Art evolves through time and is probably the best way to portray history. But India has been losing its age-old art forms one piece at a time over the past few decades. A major portion of Gen-Y does not even know the names of half the art forms in their own region. Bhuli is here to change that. Founded by fashion designer Tanya Kotnala and Tanya Singh in 2017, Bhuli, which means little sister in Garhwali, aspires to resurrect the art of Uttarakhand and their Instagram page is proof of that.
Kotnala, now 27 years old, graduated from National Institute of Fashion Technology (NIFT) Shillong in 2015 and went on to work for the Ministry of Textiles in Meghalaya and Assam for the next two years. When she came back to Uttarakhand, her home state, she wanted to explore native art forms and that’s how Bhuli was born. “We started working with the anganwadis on illustrations that spread awareness on issues like anaemia and breastfeeding. I was the illustrator while my co-founder Tanya Singh wrote the content,” said Kotnala. Though the duo formed the enterprise, they have parted ways. Singh, a nutritionist by profession, is no longer a part of Bhuli, said Kotnala.
Kotnala was always interested in the art side of fashion than the glamour of the professions and when she came back to Uttarakhand, working on the Pahari School of Painting of the state seemed like a natural progression of her work. “Mughal miniatures form a huge part of the Pahari School and so does, Aipan, a floor and wall art form, similar yet very different from Kollam in the south of India or Alpana in Bengal. Aipan had its own motifs — it is inspired by the mountains and the state’s flora and fauna which makes it stand out from the rest. The tantric motifs of Aipan really fascinated me and I started to work on that. We have organised online events of Aipan Art which also had fusion categories where the artist takes inspiration from the traditional art form but improvises. This is important as the art is losing its importance or charm among its own people. The locals do not appreciate the art as much as someone from outside does,” she said. “The work is not profitable anymore. But the women have taken it up quite well. They form Self Help Groups and work with them on a part-time basis,” added Kotanala, who recently shifted to Jalandhar after she tied the knot last year.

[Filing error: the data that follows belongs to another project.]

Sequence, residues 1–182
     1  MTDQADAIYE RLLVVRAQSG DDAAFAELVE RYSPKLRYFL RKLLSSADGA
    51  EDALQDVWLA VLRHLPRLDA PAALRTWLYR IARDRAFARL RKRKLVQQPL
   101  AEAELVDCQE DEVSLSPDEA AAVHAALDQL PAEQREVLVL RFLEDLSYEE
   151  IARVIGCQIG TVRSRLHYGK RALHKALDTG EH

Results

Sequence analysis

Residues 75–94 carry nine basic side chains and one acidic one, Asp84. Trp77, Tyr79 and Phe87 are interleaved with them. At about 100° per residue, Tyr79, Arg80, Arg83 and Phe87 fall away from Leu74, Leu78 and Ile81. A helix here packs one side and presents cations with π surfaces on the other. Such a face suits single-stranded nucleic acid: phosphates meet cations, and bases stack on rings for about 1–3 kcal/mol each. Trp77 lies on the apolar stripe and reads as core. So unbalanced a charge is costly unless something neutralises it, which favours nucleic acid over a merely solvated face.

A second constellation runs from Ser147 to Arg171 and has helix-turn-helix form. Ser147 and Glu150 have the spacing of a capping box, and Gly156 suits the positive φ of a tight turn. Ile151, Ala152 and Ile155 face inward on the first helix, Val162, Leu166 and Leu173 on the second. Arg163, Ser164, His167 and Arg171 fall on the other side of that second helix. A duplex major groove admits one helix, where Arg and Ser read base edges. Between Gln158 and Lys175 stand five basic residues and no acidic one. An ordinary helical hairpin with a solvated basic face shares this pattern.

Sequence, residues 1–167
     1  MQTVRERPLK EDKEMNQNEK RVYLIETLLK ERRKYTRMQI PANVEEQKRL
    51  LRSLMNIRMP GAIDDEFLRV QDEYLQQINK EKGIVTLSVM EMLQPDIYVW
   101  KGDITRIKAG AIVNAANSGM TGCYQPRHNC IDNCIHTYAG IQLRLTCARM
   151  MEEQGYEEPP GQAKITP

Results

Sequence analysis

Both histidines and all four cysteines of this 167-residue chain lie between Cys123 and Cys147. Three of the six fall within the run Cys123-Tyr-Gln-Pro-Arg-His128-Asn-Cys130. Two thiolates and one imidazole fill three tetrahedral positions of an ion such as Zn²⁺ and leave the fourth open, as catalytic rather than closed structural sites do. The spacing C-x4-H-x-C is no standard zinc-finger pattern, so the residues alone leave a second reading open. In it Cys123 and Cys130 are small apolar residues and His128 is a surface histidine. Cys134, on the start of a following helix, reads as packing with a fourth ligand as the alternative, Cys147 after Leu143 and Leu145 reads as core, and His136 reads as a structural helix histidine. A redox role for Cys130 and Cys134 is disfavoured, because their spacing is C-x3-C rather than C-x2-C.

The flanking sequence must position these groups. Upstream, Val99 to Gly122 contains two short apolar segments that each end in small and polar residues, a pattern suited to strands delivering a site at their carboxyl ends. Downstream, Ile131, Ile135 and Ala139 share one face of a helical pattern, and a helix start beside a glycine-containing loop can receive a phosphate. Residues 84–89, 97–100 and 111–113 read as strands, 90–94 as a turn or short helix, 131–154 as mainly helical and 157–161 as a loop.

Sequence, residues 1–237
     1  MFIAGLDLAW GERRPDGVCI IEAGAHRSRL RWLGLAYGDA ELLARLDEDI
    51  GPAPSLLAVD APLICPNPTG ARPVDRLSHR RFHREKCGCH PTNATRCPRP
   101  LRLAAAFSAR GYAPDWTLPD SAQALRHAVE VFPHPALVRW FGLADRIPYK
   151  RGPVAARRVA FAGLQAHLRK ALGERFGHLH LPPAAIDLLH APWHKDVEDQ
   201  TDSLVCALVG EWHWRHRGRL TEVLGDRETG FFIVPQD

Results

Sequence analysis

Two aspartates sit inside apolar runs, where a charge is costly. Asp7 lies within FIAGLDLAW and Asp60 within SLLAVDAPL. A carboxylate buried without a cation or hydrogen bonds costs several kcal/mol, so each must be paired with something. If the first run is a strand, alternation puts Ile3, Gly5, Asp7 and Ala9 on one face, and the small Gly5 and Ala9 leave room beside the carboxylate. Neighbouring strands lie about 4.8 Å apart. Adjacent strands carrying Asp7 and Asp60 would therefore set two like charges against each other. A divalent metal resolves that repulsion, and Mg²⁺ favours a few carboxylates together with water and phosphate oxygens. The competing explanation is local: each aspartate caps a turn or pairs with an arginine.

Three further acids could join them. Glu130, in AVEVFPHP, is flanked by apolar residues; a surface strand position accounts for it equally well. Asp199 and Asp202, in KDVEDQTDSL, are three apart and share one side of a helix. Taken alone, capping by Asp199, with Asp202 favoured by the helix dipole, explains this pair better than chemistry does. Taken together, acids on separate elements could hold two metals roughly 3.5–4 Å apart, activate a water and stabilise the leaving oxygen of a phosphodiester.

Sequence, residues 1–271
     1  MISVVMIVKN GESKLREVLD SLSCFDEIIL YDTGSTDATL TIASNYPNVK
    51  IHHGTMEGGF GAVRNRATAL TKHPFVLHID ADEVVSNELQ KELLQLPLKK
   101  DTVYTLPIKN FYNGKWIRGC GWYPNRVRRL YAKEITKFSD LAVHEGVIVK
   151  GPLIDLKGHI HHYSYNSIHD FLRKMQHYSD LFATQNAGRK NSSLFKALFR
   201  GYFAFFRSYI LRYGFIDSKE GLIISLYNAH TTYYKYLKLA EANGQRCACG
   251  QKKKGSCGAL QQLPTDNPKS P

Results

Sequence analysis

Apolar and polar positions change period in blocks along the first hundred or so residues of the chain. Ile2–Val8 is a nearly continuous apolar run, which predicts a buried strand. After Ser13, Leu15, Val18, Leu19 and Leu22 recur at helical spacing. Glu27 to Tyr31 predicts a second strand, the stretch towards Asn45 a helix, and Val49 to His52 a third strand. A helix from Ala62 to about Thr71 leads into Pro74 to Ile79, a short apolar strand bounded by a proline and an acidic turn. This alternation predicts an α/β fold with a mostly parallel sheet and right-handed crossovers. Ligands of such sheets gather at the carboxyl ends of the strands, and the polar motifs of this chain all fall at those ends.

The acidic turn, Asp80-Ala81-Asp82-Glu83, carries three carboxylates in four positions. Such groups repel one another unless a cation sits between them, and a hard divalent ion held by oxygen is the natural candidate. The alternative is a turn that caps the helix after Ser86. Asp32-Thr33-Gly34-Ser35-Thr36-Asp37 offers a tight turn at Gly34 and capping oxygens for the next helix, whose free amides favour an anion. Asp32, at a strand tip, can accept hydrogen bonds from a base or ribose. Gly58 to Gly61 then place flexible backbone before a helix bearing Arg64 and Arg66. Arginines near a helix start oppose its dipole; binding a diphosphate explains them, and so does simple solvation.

But social media has helped Bhuli connect with a diverse set of people — from 16-year-olds to 60-year-olds. “The youth is trying to get back in touch with the art. I receive a lot of messages from the youth who are now very much interested in the art form. This gives one the hope that with the proper incentive the art form can be revived. I would love to collaborate with the government on this but, as of now, most of the online projects are self-initiated. I keep hosting Aipan contests on my Instagram. I got an entry from a 63-year-old woman and a 16-year-old as well. It is fascinating how these two generations look at the same thing,” she said. What is noticeable from Bhuli’s art feed on Instagram is that Kotnala has not only focused on the traditional art forms but every picture has a message too. “I came up with my Aipan Series in 2019 where I tried to draw about events very close to the state, like the Chipko Movement. That received a lot of love and support from people,” she added.
Bhuli has published illustrations on everything from the environment to triple talaq but their series on nutrition that took you back to ‘memories of food’ stood out. “I am fascinated when two different concepts merge together to become something. Tanya (Singh) had the idea of bringing in the concept of memory of childhood comfort food. We launched it around World Nutrition week in August and we were featured in the Food Network, USA. It had a huge impact,” said Kotnala. Going forward, Kotnala wants to revive the art forms of Uttarakhand by bringing in textiles into the picture — everything from saris to dresses to bags. “I want to work with local artisans more. There are a lot of challenges in Uttarakhand as resources are scattered and the COVID pandemic has made it even worse,” added Kotnala.
Published at Sat, 26 Sep 2020 17:37:30 +0000